Atmospheric plasma torch treatment of polyethylene/boron composites: Effect on thermal stability Articles uri icon

publication date

  • January 2014

start page

  • 70

end page

  • 77


  • 239

International Standard Serial Number (ISSN)

  • 0257-8972

Electronic International Standard Serial Number (EISSN)

  • 1879-3347


  • Low density polyethylene (LDPE) and its boron composites (LDPEB) are typically used as coatings with functional nuclear properties. However, they present low surface energy and adhesion problems. Atmospheric pressure plasma torch (APPT) processes improve polymer wettability. The main objective of this work is the evaluation of the effect of APPT on the thermal stability of LDPE and its composites reinforced with 15 and 30% (by wt.) of boron. Physical and chemical changes on the surface of treated materials are analysed using X-ray photoelectron spectroscopy (XPS) and atomic force microscopy (AFM). The influence on thermal stability is evaluated using differential scanning calorimetry (DSC) and thermogravimetric analysis (TGA) techniques. The decomposition rate is measured by means of the Kamal equation, and the activation energy of the reaction is calculated from an Arrhenius equation and the Kissinger method. Results show that the APPT treatment is adequate to treat these materials (LDPE and its boron containing composites), as it does not degrade the material, but it modifies the chemistry and nanoroughness of the surface, increasing its wettability. © 2013 Elsevier B.V.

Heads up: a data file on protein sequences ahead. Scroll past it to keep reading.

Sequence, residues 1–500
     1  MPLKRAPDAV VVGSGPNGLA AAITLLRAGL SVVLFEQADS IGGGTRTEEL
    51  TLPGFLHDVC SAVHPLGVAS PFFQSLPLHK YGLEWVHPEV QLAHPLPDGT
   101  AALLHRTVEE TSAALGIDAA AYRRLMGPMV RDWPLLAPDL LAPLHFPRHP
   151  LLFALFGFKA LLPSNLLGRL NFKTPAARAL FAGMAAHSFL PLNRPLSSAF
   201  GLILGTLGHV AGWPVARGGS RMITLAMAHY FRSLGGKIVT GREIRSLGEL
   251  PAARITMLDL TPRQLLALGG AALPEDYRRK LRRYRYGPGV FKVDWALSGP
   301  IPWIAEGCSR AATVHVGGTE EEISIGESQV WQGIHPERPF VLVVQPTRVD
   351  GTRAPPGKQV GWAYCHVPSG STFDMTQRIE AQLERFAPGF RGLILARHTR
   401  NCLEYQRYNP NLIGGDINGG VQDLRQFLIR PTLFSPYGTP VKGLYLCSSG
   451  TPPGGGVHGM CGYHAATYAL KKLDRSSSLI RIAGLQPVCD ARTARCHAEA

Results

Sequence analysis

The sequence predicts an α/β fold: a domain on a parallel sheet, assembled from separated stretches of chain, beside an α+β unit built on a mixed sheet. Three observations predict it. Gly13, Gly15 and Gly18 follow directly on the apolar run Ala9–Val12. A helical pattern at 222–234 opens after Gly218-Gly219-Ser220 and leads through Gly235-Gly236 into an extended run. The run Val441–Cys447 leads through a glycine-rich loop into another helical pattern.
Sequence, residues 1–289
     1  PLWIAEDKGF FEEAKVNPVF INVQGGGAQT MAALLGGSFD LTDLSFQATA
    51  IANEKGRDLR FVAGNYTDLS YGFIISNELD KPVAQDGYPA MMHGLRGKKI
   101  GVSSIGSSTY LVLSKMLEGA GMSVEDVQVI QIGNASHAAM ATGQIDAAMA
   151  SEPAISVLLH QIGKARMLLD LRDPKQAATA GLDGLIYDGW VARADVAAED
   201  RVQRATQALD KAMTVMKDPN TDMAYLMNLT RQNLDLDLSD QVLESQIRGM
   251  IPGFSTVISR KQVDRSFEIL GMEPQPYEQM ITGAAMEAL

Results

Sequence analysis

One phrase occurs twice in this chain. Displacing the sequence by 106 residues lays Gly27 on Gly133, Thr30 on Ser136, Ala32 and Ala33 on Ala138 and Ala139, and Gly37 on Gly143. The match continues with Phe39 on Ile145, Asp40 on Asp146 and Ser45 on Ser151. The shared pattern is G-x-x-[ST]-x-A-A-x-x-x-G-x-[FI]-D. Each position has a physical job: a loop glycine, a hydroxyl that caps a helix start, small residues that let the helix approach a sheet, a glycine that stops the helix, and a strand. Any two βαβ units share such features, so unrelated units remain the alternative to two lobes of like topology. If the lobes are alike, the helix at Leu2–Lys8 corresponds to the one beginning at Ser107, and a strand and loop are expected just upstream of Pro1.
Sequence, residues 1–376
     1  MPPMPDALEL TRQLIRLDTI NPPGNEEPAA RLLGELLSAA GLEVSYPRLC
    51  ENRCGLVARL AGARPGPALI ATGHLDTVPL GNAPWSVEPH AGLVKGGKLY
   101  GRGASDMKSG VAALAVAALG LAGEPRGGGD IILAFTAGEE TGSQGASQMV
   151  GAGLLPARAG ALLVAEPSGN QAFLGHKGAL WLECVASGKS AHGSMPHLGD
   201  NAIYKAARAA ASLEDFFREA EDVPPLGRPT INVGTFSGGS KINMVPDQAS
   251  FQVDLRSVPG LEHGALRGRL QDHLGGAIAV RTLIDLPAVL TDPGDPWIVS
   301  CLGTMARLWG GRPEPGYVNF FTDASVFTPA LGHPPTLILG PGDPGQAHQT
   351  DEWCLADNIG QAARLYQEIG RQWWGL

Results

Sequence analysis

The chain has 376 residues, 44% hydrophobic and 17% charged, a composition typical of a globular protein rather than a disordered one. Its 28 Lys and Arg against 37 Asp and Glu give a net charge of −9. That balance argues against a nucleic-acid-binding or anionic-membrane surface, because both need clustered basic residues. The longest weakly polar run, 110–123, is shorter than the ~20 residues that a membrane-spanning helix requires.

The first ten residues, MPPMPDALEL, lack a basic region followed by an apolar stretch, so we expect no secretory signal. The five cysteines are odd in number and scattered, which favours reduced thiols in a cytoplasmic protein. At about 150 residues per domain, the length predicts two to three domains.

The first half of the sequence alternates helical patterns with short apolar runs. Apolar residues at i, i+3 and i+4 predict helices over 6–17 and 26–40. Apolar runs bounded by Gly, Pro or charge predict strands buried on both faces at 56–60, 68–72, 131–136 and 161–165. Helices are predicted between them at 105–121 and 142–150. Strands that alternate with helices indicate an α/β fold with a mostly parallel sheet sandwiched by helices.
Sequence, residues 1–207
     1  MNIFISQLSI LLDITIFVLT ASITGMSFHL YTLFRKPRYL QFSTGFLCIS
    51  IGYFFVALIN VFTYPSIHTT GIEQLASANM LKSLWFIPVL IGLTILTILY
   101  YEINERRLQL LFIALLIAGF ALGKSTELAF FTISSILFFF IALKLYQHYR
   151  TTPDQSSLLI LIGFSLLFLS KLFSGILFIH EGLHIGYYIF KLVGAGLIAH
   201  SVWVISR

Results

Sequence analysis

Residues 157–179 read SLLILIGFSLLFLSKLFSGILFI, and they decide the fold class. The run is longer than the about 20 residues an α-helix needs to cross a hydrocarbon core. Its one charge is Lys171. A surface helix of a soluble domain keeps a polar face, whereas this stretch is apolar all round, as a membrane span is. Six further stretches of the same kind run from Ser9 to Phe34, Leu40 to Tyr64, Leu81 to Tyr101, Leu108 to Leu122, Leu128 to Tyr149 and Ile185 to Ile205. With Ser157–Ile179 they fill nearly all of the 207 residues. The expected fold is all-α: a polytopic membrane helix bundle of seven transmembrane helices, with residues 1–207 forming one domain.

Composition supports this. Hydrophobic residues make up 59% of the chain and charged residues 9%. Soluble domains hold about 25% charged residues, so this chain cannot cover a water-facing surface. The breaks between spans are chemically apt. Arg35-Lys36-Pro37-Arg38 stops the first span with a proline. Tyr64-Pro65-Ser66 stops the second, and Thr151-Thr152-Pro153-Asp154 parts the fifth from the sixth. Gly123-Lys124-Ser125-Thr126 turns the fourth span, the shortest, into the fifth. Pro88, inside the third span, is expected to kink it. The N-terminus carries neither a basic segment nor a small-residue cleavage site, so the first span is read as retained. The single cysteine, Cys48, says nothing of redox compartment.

• boron; composite materials; epoxy resin; surface properties; thermal properties; thermogravimetric analysis; adhesion problem; arrhenius equation; atmospheric plasma torch; atmospheric pressure plasmas; decomposition rate; kissinger methods; low density polyethylene(ldpe); low surface energy; activation energy; atomic force microscopy; boron; composite materials; differential scanning calorimetry; epoxy resins; photoelectrons; plasma torches; surface properties; thermodynamic properties; thermodynamic stability; wetting; x ray photoelectron spectroscopy; thermogravimetric analysis